Fellows and faculty from the Master of International Development Policy (MIDP) program recently returned from the Sanford School’s India Program for International Development Leaders.

The annual six-week program, launched by Sanford Professor Anirudh Krishna in 2014, combines coursework with hands-on field experience in rural India, giving Duke graduate students the opportunity to work with development professionals from local universities and organizations.

“It’s a valuable experience for both the students and the NGOs,” said Cory Krupp, associate professor and director of graduate studies for MIDP. “It gives the students a chance to work in the field on programs they actually help create. At the same time, the NGOs get a fresh perspective and can identify issues about which they may not have previously been aware.”

Krupp taught a course in globalization and international trade during the summer program. She also reunited with MIDP alumni in both Mumbai and New Delhi.

“The program teaches you that you can’t go in and take a top-down approach to development,” she said. “It’s about talking to the people on the ground about their needs and working with them and the NGOs to make progress possible.”

The program pairs each of the 10 Duke students who enroll in the program every year with a student selected by the Udaipur-based Indian Institute of Management and a nonprofit mentor working in the local district. Together, these teams of three develop project proposals that address a specific identified need in their assigned village that align with the focus and mission of the local NGO.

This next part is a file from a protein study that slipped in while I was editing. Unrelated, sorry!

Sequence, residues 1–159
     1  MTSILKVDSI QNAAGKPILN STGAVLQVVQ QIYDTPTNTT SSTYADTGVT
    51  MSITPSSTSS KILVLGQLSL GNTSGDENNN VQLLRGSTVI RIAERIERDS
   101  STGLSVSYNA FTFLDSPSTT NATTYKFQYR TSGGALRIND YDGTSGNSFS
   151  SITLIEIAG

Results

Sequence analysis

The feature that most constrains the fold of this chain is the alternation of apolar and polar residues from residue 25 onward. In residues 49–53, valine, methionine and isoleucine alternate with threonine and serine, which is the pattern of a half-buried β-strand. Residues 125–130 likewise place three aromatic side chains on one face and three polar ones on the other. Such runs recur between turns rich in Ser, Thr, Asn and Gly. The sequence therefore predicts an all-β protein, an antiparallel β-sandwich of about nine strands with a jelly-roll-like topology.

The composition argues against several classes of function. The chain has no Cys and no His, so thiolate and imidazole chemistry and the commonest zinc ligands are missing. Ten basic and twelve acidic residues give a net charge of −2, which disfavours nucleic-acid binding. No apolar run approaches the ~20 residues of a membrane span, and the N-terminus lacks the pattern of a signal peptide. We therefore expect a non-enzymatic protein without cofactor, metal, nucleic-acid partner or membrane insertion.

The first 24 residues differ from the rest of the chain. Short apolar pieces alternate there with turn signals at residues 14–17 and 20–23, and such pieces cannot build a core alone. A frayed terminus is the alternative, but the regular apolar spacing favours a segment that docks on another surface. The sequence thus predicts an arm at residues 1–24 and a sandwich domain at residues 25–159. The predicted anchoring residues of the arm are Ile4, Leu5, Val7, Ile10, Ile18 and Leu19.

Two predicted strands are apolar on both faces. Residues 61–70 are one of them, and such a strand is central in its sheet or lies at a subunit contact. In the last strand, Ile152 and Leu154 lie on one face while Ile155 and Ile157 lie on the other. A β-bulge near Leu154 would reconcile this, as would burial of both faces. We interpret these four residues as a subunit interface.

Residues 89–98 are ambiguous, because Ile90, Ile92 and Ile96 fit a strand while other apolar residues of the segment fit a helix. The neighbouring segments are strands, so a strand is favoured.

This year, second-year fellows Jonas Anazagasty and Shawna Brakebill represented MIDP in the summer program.

Brakebill partnered with the Aajeevika Bureau, an NGO that aims to address the economic problems faced by migrant workers and their families. She interviewed men, women and children in the village of Undithal, where daily and seasonal migration for unskilled, low-paying jobs is commonplace. Based on the information they collected, her team recommended lobbying for better skill development and training to encourage entrepreneurship.

Anazagasty worked with ARTH (Action Research and Training for Health), an NGO dedicated to improving maternal and infant health in rural communities. His group worked in the village of Palasch, creating a proposal for an awareness campaign to improve women’s knowledge of available services such as ambulances and delivery clinics.

“It was a phenomenal learning and professional experience,” Anazagasty said. “The mix of field time and classroom instruction really allowed all the students to get on the same page and work towards the final project. In the end I am extremely glad I chose the challenge of working in India with a group of unfamiliar people and for a good cause.”

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